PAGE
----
A trial was undertaken in Indonesia When President Suharto issued a Presidential decree to ban 57 kinds of insecticides in 1986 aimed at removing the insecticide subsidies that accompanied the rice intensification program. Insecticide use gradually declined when subsidies were removed. IPM training followed a year or so later.

 The results were clear and dramatic. Another glimpse of a different future for pesticide free paddy farming is available in our own country in Andhra Pradesh, where the community managed sustainable agriculture (CMSA) began. Introduced under the aegis of Centre for Sustainable Agriculture (CSA) this initiative focused on eliminating chemical pesticides from the package of farming practices. None of the crops including paddy grown under the NPM program use any chemical pesticide; instead farmers depend on ecological, biological and cultural methods of pest control.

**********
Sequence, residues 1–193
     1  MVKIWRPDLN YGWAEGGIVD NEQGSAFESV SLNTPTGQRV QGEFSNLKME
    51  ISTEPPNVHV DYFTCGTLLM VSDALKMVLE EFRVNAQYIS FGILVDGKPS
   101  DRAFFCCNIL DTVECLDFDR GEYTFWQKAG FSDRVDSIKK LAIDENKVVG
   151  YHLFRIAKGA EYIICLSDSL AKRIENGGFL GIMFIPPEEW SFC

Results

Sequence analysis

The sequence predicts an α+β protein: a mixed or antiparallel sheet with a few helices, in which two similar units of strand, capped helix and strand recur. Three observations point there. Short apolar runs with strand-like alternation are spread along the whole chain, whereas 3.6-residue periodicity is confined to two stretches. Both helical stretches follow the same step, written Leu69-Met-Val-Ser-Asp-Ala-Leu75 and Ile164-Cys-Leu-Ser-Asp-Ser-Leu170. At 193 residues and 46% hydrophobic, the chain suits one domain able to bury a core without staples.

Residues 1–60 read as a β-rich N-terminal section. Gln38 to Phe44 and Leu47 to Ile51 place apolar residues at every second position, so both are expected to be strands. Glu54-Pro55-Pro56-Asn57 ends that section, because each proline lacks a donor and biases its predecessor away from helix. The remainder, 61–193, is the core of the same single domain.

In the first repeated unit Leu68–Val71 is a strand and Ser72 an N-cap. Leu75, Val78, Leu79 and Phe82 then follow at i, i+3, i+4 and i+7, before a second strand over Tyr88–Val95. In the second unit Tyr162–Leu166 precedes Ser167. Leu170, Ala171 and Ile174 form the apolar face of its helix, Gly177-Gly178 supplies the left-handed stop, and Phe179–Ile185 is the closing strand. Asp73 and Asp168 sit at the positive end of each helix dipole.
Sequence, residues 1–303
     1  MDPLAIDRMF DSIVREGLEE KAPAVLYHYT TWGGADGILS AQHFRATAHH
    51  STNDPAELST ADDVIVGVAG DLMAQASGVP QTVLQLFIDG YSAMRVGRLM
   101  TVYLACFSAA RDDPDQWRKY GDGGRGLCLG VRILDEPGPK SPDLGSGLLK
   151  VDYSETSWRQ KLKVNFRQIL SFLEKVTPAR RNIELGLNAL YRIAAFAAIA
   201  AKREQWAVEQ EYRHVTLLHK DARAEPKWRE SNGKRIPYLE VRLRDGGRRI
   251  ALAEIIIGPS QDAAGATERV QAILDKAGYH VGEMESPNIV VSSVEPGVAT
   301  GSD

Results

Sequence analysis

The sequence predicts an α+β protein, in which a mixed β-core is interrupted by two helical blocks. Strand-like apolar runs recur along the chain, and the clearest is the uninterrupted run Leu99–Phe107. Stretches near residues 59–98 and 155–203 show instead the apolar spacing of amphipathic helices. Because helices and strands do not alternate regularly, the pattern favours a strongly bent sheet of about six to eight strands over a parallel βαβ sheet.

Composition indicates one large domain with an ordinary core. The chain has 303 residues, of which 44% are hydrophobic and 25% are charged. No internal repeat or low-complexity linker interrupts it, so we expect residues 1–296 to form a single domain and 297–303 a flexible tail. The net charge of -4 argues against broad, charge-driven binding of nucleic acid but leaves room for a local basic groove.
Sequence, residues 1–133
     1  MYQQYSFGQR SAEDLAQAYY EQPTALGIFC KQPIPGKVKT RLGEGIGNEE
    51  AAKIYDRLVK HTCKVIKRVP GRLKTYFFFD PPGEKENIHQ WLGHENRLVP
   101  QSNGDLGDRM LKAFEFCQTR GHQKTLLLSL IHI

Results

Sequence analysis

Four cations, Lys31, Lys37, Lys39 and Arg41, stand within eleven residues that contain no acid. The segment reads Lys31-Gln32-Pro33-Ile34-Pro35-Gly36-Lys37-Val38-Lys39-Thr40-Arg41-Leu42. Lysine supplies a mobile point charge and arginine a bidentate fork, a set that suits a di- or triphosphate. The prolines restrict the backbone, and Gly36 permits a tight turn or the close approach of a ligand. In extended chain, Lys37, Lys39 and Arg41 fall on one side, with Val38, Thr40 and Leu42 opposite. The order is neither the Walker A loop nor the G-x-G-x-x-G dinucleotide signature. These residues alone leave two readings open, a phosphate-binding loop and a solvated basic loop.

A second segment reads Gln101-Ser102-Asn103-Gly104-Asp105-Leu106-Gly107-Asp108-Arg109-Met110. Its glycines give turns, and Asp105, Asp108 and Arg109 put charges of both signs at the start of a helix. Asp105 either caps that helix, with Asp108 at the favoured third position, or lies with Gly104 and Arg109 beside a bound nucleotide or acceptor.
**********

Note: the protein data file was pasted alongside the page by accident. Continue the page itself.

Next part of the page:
CMSA is based on a judicious combination of scientific methods, indigenous practices and traditional wisdom. With integrated pest management as its centrepiece CMSA advocates managing pest populations through understanding pest behavior, improving soil health, increasing diversity of crop systems and using local land races ,replacing chemical pesticides with physical methods and bio pesticides and reducing (and eventually stopping) the use of synthetic fertilizers 5 .

 CMSA has been ably managed by robust community institutions and able leadership within the community; farmers are mobilized into self help groups, trained through farmer field schools and provided institutional support for credit and value addition. Currently a million farmers are practicing non pesticidal management across an area of 2.5 million acres (1 million ha) spread over 7000 villages in 22 districts of Andhra Pradesh6 .

Conclusion In the second week of May many of us participated in a seed sowing ceremony in a tribal village in Kerala along with 35 students. The tribal chief described to us the rituals which they follow during sowing, transplanting and harvest. Children got really enthused since they were seeing it for the first time. Some of the students were from the same district but they had not seen something like this before.